The Covid-19 virus (CoronaVirus) is a concern for everyone nowadays, even because its spread has reached a global scale; it was even classified by the WHO (World Health Organization) from March 11, 2020, as a pandemic, in a way that has become the worst threat to public health in recent times.
The fact is that the pandemic not only concerns people’s health but is also a cause for uncertainty and instability in the international macroeconomic scenario, given that the world economy will be negatively impacted by the suspension of companies’ activities in an international context.
In Brazil, it is not being different and the repercussions of the virus started to appear. The Federal Government, with the approval of the National Congress, decreed on March 20, 2020, the state of public calamity. With that, the Government has the authorization to spend more than planned for actions to prevent and contain the pandemic and allows the pre-established fiscal target to be exceeded.
The state of public calamity, based on the LRF (Law of Fiscal Responsibility), is expected to last until December 31 and was justified by the government as a necessary measure to carry out the continuous monitoring of the Covid-19, to increase public spending to protect the health and employment of Brazilians, and also due to the expectation of falling revenue.
However, it is worth mentioning that the state of public calamity only affects public policies and the way the government will deal with annual public spending. This means that the state of public calamity does not automatically affect contractual relations, nor does it modify the obligations and penalties contained therein.
Nevertheless, some doubts about commercial relations with Brazil are beginning to emerge, such as: What is the real impact on companies in Brazil? What are the effects on international contracts stipulated between Brazilian and foreign parties? Is there a legal instrument to protect the affected companies? Contractual penalty is possible due to the default?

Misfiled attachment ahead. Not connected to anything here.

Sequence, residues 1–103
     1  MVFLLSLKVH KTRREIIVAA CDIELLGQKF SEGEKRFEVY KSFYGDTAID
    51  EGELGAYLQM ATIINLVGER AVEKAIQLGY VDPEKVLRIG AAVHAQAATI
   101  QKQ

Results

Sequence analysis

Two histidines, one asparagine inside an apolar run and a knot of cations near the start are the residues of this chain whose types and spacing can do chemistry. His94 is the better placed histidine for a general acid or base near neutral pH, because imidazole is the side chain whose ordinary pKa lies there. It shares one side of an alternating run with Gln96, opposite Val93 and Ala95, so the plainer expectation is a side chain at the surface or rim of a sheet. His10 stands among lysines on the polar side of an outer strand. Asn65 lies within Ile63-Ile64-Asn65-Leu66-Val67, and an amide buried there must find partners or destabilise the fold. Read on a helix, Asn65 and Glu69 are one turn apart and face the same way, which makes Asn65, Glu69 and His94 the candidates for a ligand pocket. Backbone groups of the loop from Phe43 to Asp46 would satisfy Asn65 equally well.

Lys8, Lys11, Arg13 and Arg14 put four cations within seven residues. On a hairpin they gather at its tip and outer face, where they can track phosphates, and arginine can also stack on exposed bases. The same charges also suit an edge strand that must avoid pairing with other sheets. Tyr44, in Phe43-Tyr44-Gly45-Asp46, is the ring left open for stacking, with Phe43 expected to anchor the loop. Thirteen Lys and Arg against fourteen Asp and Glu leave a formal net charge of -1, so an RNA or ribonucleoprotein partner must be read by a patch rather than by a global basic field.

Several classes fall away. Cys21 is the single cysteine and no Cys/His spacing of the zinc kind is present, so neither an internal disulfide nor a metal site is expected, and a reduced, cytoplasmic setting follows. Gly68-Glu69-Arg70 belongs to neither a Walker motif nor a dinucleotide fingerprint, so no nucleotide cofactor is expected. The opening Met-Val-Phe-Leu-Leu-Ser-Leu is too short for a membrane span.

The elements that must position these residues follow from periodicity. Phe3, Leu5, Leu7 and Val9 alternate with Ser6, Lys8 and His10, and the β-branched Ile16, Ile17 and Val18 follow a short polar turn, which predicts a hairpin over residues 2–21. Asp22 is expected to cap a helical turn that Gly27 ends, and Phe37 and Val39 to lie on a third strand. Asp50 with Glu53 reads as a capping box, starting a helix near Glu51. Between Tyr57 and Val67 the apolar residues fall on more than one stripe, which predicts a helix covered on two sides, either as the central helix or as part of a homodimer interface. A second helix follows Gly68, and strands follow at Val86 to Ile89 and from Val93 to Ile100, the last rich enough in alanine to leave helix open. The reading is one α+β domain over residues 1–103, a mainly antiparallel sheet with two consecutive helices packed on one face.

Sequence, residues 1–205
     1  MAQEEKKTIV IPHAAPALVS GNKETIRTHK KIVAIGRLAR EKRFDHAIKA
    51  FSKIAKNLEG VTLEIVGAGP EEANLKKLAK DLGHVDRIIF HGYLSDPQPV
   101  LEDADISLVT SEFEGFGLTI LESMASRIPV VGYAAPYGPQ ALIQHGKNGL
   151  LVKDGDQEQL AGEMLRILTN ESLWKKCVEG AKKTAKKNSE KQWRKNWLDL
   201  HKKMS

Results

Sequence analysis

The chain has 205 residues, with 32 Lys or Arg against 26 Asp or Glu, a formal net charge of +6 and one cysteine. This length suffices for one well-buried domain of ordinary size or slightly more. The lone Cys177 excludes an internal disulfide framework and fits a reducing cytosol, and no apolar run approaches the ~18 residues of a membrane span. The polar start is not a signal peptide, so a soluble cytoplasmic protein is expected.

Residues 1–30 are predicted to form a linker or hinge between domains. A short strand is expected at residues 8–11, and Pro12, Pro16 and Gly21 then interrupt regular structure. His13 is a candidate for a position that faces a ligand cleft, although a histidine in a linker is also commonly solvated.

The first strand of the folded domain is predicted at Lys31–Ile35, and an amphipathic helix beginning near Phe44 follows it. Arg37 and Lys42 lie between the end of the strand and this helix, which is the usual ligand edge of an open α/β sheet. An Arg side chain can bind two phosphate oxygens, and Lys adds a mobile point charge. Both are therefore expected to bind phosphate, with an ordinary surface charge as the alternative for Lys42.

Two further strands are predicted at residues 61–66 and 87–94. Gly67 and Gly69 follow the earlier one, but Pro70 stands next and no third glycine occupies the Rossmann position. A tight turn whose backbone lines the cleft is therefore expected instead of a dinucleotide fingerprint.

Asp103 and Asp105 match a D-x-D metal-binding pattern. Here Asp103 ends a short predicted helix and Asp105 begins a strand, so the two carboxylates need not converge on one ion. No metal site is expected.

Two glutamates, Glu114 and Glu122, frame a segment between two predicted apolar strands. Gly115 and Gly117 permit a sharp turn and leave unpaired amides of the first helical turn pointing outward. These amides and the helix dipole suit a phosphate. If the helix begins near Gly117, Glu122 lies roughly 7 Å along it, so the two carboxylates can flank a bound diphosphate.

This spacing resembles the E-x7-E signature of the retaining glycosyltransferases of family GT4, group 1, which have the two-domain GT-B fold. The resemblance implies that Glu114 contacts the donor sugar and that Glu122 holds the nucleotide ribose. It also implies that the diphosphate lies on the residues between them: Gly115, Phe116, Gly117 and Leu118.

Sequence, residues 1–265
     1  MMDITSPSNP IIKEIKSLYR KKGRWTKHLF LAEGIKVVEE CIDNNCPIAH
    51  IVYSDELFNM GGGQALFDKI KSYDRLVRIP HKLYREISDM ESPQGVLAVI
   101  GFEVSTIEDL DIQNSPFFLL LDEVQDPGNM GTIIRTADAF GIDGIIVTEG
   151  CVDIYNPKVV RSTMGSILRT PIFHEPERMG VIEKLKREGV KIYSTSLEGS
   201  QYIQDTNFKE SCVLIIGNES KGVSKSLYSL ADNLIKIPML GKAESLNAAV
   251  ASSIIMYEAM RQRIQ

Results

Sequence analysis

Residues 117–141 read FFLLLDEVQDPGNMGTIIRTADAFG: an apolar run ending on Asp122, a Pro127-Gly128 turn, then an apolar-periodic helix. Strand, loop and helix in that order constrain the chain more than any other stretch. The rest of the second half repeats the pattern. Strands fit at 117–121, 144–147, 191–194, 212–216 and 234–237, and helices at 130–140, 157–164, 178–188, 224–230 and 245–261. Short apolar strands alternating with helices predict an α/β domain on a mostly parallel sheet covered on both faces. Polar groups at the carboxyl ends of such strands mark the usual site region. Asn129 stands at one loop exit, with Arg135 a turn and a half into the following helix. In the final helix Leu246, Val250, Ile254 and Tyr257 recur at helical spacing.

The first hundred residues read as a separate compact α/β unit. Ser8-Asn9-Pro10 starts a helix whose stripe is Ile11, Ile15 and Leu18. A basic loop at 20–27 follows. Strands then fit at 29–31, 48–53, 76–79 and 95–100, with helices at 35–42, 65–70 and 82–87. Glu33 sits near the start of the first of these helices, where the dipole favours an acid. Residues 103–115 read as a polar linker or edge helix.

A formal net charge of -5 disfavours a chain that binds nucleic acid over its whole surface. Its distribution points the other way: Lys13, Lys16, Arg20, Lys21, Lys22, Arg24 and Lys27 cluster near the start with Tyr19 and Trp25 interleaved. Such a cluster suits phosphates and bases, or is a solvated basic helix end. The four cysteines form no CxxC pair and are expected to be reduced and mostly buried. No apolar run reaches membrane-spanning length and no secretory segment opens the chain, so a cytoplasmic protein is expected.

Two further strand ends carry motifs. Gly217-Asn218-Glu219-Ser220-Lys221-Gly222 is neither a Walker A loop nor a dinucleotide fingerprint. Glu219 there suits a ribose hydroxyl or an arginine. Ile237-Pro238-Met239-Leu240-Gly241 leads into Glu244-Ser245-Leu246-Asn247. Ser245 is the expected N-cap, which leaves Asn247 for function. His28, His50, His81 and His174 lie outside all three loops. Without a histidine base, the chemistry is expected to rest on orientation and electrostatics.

Initially, to begin clarifying those questions, in international contracts concluded between parties of different legal systems, the first step to make is to identify the law chosen by the parties to govern the contract. Therefore, it is necessary to identify whether the contracting parties are subject, expressly or tacitly, to national jurisdiction, to assess how the contract will be treated under the focus of Brazilian law. If it is not properly regulated, it is necessary to identify which law is applicable through conflict rules.
In the case of the Brazilian law, it contemplates the hypothesis of exceptional situations that modify the circumstances of compliance with contractual obligations that make them unfeasible or excessively onerous.
One of them is conteined in the Brazilian Civil Code (Law 10.406/02), that provides the Fortuitous Event and Force Majeure, as an instrument for excluding liability. According to article 393 of the Civil Code, the debtor is exempt from liability for losses resulting from Fortuitous Event and Force Majeure events, if he has not truly taken responsibility for the event. Besides, the sole paragraph of article 393 provides that the Fortuitous Event and Force Majeure will only apply if the effects of the event were unpredictable and inevitable.
Besides that, there is also the article 478 of the Civil Code, which determines that in contracts of continuous or deferred execution, if the performance of one of the parties becomes excessively burdensome, with extreme advantage for the other, due to extraordinary and unpredictable events, the debtor may request the termination of the contract.
Nonetheless, to truly identify whether a certain company can apply the exclusion of liability or not, to suspend or terminate the contract or even to prevent the penalty payment for the default, depends on the contractual provisions and specificities of business, which must be evaluated on a case-by-case basis.
After carefully analyzing contractual conditions, the company must assess which measures are most effective for its business and if can invoke Fortuitous Event and Force Majeure. Sometimes the best way out is to solve the problem by renegotiating the terms of the contract. However, there are situations where companies are unable to reach a mutual consensus having to use the legal instruments made available by Brazilian law.
Opting for the liability exclusion instruments for the Covid-19 effects on contracts, in most cases, the most appropriate instrument is the application of Force Majeure, and from there the company must prepare a specific notification to its business partner, based on the terms of the contract, to formally inform of the intention to suspend/terminate the contract. Furthermore, in certain situations, it is still necessary to call the judiciary upon to suspend or prevent the collection of a contractual fine due to default.
Therefore, considering everything explained, for cross-border situations involving Brazilian and foreign companies affected by the effects of Covid-19, only a law firm specialized in International Law, with the accompaniment of a lawyer responsible for the area, who can provide analytically all the support and legal advice to deal with international commercial relations.